Stress ulcers are single or multiple mucosal defects which can become complicated by upper gastrointestinal bleeding during the physiologic stress of serious illness. Ordinary peptic ulcers are found commonly in the gastric antrum and the duodenum whereas stress ulcers are found commonly in fundic mucosa and can be located anywhere within the stomach and proximal duodenum.
Risk factors for stress ulcer formation that have been identified are numerous and varied. However, two landmark studies and one position paper exist that addresses the topic of risk factors for stress ulcer formation:
Stress ulcer is suspected when there is upper gastrointestinal bleeding in the appropriate clinical setting, for example, when there is upper gastrointestinal bleeding in elderly patients in a surgical intensive care unit (ICU) with heart and lung disease, or when there is upper gastrointestinal bleeding in patients in a medical ICU who require respirators.
Stress ulcer can be diagnosed after the initial management of gastrointestinal bleeding, the diagnosis can be confirmed by upper GI endoscopy.
The ulcerations may be superficial and confined to the mucosa, in which case they are more appropriately called erosions, or they may penetrate deeper into the submucosa. The former may cause diffuse mucosal oozing of blood, whereas the latter may erode into a submucosal vessel and produce frank hemorrhage.
The characteristic lesions may be multiple, superficial mucosal erosions similar to erosive gastroduodenitis. Occasionally, there may be a large acute ulcer in the duodenum (Curling’s ulcer).
Generally, there are multiple lesions located mainly in the stomach and occasionally in the duodenum. They range in depth from mere shedding of the superficial epithelium (erosion) to deeper lesions that involve the entire mucosal thickness (ulceration).
The pathogenic mechanisms are similar to those of erosive gastritis.”
The pathogenesis of stress ulcer is unclear but probably is related to a reduction in mucosal blood flow or a breakdown in other normal mucosal defense mechanisms in conjunction with the injurious effects of acid and pepsin on the gastroduodenal mucosa.
Antacids have been used in SUP. Numerous studies have shown them to be as effective in prevention when compared to H2-receptor blockers. However, one study has shown them to be no more effective than placebo. Thus, they are not widely used. In contrast, H2-receptor blockers are widely used in SUP. Most trials, but not all, have demonstrated their effectiveness in preventing stress ulcer formation. Sucralfate has not been shown to effectively decrease the incidence of stress ulcer formation. This was demonstrated in a large randomized, double-blinded, control trial of 1200 patients and compared sucralfate to the H2-receptor blocker, ranitidine.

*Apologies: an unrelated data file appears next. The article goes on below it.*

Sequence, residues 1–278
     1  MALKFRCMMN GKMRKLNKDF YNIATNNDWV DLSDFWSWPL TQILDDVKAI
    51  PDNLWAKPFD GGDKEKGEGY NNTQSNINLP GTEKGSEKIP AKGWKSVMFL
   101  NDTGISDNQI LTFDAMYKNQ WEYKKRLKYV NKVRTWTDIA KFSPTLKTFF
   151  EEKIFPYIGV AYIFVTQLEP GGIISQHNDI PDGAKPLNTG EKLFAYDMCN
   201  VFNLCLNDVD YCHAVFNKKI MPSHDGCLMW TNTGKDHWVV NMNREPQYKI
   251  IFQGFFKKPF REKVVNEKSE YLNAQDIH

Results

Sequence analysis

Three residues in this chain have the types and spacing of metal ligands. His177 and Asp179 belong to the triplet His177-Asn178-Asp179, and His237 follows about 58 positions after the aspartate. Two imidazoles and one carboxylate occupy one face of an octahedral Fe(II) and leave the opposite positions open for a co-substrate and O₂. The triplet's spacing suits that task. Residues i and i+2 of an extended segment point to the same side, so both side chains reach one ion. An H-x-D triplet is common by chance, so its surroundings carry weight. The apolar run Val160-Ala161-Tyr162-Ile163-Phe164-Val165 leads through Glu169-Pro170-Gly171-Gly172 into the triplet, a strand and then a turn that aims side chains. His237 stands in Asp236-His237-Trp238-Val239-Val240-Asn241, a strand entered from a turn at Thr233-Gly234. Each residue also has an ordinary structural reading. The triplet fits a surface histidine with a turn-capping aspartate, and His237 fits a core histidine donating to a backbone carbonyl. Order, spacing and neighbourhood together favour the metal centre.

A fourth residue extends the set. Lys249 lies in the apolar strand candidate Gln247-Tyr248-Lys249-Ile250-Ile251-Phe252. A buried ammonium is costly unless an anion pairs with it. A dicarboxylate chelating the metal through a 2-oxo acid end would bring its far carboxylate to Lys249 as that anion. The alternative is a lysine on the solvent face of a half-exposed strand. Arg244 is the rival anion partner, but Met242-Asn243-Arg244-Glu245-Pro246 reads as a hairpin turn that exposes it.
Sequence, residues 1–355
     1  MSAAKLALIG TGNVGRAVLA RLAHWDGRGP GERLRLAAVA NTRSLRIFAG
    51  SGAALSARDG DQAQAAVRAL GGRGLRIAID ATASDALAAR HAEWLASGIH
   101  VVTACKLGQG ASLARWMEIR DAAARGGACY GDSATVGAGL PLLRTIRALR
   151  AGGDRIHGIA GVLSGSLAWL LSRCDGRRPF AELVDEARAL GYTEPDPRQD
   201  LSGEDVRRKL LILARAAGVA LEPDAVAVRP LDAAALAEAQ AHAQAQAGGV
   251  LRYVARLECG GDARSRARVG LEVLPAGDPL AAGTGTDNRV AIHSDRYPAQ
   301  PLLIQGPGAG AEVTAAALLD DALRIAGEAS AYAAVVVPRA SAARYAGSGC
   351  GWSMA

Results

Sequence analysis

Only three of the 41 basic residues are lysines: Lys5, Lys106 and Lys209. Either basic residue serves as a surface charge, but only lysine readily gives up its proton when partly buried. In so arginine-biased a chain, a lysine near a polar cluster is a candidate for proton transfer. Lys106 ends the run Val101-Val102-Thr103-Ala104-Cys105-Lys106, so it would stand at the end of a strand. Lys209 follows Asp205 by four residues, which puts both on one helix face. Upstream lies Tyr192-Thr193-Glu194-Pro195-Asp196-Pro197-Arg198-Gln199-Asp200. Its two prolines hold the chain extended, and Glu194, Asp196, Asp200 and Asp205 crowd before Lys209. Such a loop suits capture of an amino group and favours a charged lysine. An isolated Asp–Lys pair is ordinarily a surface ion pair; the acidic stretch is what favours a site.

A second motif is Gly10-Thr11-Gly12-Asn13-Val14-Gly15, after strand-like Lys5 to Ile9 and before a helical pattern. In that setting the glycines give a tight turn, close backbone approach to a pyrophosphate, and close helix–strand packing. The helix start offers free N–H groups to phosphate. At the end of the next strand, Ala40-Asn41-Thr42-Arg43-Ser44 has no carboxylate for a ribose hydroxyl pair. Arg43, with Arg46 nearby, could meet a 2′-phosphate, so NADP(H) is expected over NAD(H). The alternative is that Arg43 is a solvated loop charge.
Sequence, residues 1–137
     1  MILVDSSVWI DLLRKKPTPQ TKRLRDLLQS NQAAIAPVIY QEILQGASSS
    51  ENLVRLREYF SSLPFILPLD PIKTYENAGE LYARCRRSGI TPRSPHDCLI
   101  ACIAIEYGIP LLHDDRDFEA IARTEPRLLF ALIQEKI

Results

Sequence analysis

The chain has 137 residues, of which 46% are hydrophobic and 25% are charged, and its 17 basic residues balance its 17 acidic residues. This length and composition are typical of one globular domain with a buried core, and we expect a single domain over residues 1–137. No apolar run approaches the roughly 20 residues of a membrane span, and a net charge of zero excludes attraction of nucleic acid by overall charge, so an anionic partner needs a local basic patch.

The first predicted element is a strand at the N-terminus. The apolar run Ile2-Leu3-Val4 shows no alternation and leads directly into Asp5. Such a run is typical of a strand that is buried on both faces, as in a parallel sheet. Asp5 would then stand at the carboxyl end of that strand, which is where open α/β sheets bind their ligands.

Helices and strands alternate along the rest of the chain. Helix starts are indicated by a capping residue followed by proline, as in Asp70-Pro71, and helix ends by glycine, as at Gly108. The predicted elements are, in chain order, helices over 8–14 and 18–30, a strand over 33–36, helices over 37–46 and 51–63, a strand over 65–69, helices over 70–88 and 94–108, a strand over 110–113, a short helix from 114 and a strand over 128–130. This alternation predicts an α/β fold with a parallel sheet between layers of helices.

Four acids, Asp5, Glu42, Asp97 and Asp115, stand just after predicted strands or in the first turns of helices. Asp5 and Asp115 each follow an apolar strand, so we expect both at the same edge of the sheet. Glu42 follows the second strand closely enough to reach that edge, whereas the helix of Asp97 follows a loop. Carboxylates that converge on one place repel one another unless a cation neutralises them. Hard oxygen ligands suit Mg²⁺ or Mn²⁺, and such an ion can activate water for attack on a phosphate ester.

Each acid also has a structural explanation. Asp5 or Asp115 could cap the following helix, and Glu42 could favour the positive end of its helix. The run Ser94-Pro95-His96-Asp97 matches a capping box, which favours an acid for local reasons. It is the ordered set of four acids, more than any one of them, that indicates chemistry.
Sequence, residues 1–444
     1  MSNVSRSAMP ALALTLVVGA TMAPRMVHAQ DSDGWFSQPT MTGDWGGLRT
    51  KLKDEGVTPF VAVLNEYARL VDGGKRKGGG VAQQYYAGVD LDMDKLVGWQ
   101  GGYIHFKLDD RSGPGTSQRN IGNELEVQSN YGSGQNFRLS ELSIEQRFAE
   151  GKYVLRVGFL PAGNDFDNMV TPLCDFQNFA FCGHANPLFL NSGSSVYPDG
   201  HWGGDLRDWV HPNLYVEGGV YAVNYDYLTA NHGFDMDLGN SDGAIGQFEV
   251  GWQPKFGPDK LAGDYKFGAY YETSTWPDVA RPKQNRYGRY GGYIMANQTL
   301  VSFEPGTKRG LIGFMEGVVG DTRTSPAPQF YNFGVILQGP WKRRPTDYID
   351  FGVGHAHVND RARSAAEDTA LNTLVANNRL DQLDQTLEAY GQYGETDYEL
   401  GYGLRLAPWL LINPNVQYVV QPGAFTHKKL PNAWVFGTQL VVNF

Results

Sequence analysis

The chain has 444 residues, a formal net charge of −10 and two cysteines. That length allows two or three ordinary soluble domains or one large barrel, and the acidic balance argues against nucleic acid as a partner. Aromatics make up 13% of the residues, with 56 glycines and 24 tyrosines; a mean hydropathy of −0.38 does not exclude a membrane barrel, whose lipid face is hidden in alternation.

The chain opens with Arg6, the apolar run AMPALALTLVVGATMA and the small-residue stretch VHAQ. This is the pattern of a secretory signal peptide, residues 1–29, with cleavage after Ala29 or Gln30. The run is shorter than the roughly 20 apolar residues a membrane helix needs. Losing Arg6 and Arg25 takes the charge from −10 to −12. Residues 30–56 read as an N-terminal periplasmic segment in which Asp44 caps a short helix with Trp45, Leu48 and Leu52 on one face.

PPIs are also widely used in SUP. "Data regarding the efficacy and potential adverse effects of these drugs in the prevention of stress ulceration are less extensive than for antacids, H2 blockers, or sucralfate." In one study looking at omeprazole, patients were given an oral suspension by mouth followed by nasogastric tube and there were no episodes of bleeding or signs of toxicity. Similar results were reproduced in another study.
Not every patient who enters the hospital needs SUP. Cook et al demonstrated that in surgical critically-ill patients the only risk factors associated with clinically significant bleeding from stress ulcers were mechanical ventilation for more than 48 hours and coagulopathy (OR 15.6 and 4.3, respectively).
The principles of management are the same as for the chronic ulcer. The steps of management are similar as in erosive gastritis.
Endoscopic means of treating stress ulceration may be ineffective and operation required. It is believed that shunting of blood away from the mucosa makes the mucous membrane ischaemic and more susceptible to injury.
Treatment of stress ulceration usually begins with prevention. Careful attention to respiratory status, acid-base balance, and treatment of other illnesses helps prevent the conditions under which stress ulcers occur. Patients who develop stress ulcers typically do not secrete large quantities of gastric acid; however, acid does appear to be involved in the pathogenesis of the lesions. Thus it is reasonable either to neutralize acid or to inhibit its secretion in patients at high risk.
In case of severe hemorrhagic or erosive gastritis and stress ulcers, a combination of antacids and H2-blockers may stop active bleeding and prevent re bleeding. In selected patients, either endoscopic therapy or selective infusion of vasopressin into the left gastric artery may help control the hemorrhage.